In the notes I'm studying from ( again =) ) I read:
If $(\mathbf B, \cdot)$ is a finite order group with prime order then $(\mathbf B, \cdot)$ is cyclic
Could someone give me a justification for this?
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All subgroups of $B$ must be of an order that divides $B.$ If $B$ is of prime order, then its only subgroups are the trivial subgroups.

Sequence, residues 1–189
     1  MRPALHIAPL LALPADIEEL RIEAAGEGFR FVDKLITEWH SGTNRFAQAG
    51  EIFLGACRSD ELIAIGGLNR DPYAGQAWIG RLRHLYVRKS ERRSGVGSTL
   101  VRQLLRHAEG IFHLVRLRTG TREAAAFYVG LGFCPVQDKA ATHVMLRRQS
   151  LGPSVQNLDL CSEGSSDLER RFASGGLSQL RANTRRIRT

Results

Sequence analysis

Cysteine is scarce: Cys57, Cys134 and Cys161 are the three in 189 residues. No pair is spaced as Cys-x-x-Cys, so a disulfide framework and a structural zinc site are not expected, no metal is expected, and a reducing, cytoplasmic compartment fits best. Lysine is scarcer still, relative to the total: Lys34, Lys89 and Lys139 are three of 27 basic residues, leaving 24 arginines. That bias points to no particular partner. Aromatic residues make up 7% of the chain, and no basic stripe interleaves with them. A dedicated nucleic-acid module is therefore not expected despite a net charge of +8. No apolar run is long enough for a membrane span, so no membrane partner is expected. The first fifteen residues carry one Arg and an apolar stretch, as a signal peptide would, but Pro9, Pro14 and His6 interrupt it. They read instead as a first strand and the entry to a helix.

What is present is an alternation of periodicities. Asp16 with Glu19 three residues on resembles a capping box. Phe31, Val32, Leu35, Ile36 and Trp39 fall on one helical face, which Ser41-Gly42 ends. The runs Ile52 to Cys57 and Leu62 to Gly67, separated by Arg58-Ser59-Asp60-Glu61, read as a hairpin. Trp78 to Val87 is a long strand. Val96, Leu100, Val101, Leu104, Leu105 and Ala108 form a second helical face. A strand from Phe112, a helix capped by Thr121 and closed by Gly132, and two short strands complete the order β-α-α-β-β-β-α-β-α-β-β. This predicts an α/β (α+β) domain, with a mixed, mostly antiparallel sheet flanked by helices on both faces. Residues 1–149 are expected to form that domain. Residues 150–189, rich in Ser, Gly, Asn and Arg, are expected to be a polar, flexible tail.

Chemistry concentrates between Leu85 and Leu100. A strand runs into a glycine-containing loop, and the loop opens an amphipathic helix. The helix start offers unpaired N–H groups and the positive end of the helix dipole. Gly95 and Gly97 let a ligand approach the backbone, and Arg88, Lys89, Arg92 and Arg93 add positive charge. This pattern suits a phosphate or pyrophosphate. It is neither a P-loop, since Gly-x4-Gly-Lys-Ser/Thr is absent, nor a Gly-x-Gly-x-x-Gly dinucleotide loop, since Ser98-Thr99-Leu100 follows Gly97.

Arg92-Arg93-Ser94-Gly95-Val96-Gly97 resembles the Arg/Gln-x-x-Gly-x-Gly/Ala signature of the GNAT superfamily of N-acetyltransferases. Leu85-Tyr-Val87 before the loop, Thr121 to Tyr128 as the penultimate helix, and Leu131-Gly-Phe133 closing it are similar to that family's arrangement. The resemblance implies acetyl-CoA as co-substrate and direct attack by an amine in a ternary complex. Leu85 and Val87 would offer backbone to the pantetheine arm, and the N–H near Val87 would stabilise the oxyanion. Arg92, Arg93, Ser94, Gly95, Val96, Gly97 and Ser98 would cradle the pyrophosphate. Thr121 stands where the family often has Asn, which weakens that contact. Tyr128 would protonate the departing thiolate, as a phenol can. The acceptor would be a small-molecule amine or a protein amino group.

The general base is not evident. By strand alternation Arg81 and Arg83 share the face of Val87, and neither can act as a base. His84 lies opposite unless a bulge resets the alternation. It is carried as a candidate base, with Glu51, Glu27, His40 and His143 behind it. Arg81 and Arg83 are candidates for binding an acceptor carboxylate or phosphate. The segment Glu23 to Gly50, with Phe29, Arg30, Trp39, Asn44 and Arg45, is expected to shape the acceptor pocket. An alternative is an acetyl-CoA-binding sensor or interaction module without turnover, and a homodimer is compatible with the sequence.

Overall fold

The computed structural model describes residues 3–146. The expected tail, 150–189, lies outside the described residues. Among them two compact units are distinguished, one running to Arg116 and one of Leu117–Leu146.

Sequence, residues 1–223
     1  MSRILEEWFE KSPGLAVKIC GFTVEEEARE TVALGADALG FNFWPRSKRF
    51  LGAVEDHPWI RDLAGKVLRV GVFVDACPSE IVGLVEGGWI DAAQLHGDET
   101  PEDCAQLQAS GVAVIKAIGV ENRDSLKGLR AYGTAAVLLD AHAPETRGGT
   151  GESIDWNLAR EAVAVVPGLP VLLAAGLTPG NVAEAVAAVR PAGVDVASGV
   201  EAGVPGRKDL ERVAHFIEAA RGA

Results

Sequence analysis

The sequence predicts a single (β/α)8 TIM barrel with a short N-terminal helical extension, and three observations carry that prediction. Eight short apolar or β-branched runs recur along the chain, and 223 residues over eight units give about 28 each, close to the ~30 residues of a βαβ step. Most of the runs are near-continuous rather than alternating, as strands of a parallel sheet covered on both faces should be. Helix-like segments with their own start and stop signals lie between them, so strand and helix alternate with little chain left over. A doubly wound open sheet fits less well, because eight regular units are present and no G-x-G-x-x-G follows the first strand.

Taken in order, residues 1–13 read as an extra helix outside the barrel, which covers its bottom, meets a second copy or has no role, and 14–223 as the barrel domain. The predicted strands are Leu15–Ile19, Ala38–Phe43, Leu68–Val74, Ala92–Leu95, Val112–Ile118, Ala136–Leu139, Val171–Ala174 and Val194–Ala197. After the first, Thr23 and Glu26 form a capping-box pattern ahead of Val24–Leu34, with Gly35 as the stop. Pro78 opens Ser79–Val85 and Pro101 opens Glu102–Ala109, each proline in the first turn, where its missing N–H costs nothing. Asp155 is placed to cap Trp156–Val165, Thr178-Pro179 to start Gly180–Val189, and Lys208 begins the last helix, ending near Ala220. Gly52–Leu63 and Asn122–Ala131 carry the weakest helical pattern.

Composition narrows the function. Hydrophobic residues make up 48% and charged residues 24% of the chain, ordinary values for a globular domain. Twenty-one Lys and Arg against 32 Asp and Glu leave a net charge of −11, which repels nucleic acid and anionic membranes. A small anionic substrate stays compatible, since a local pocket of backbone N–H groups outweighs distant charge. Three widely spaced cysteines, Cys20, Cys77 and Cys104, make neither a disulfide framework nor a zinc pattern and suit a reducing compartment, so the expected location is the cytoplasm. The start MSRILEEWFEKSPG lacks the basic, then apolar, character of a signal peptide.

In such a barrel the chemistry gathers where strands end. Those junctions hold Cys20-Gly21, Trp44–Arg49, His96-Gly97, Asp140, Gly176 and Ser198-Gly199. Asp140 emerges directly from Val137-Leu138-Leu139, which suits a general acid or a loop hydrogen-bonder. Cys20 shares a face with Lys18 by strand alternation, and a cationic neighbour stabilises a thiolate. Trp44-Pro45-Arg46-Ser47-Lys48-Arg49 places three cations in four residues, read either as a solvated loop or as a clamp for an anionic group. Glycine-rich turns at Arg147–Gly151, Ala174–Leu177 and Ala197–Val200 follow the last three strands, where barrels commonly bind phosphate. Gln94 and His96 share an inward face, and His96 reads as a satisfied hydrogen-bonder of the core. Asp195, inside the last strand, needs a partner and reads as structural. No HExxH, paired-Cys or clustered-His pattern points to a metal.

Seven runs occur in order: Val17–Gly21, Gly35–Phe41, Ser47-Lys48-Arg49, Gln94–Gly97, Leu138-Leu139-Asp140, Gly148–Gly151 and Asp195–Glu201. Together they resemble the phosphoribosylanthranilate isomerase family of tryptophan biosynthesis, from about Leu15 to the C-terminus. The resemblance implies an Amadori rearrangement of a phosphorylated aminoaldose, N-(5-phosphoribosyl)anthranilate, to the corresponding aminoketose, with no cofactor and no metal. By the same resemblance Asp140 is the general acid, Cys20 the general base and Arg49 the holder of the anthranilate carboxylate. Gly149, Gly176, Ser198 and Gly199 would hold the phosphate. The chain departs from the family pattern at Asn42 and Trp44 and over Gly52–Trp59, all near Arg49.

Suppose $b$ is in $B$ and $b$ is not the identity.
If B has no non-trivial subgroups, it must be the case that everything in B can be expressed as $b^k.$